New Orleans: December 26, 1862. p. Old folds, short closed edge tear, one repaired edge tear. Very good. Item #3434
A rare general order from the Department of the Gulf, issued by Major General Nathaniel Banks as he was taking over command of the Union's western forces in December 1862. This order, dated December 26, promulgates to the army a proclamation issued by Banks ten days earlier in which he announced that "I have assumed command of the Department of the Gulf, to which is added, by his special order, the State of Texas." His duty, Banks writes, is "to assist in the restoration of the Government of the United States:" and his "desire" is "to secure to the people of every class all the privileges of possession and enjoyment which are consistent with public safety." In other words, President Lincoln has sent General Banks to New Orleans to restore order and bring Louisiana under federal control. As Banks writes, in the course of his new duty, he has been tasked to "treat as enemies those who are enemies" but allow those loyal to the Union to experience freedom as long as order is "unflinchingly maintained."
General Banks argues that the continuance of hostilities in the country cannot last. Echoing the most famous sentiment of President Lincoln's House Divided speech, Banks writes that "This country cannot be permanently divided." He also drives home the differences in the current state of life and the war in the North and South: "The Government does not profit by the prolongation of civil contest, or the private or public sufferings which attend it. Its fruits are not equally distributed. In the disloyal states desolation has empire on the sea and on the land. In the North war is an abiding sorrow, but not yet a calamity. Its cities and towns are increasing in population, wealth, and power. The refugees from the South alone compensate in great part for the terrible decimations of battle."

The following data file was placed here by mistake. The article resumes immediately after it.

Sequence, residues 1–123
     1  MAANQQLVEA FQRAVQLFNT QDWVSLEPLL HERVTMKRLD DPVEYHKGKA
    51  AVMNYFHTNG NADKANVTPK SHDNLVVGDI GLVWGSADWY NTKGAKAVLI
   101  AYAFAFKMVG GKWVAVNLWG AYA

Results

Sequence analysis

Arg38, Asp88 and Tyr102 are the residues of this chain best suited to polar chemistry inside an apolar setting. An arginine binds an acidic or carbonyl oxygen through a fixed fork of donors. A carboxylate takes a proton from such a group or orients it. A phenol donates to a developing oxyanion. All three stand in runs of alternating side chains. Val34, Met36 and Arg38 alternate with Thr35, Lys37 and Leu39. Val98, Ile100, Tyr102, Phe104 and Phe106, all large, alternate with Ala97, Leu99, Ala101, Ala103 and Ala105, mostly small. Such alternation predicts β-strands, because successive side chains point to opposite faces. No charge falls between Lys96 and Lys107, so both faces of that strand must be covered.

Perhaps most interesting in Banks' order here is his appraisal of the importance of the Mississippi Valley, and how the region ties the country together. Banks describes the "Valley of the Mississippi" as "the chosen seat of population, product, and power, on this continent." He points out that within the next few years, "twenty five million people, unsurpassed in material resources and capacity for war, will swarm upon its fertile rivers." He argues that the Mississippi Valley supplies the wants of Illinois and Ohio better than European markets, and that a "country washed by the waters of the Ohio, the Missouri and the Mississippi, can never be permanently severed." Essentially, Banks argues, if the Confederacy takes possession of the Mississippi Valley, it won't be for long: "If one generation basely barters away its rights, immortal honors will rest upon another that reclaims them." After all, Banks writes, the inevitability of union in the United States - of the success of the Union in the Civil War - is secured because "God has ordained it." Given this inevitability, Banks encourages the "People of the South-west" to "accept the conditions imposed by the imperious necessities of geographical configuration and commercial supremacy, and re-establish your ancient prosperity and renown."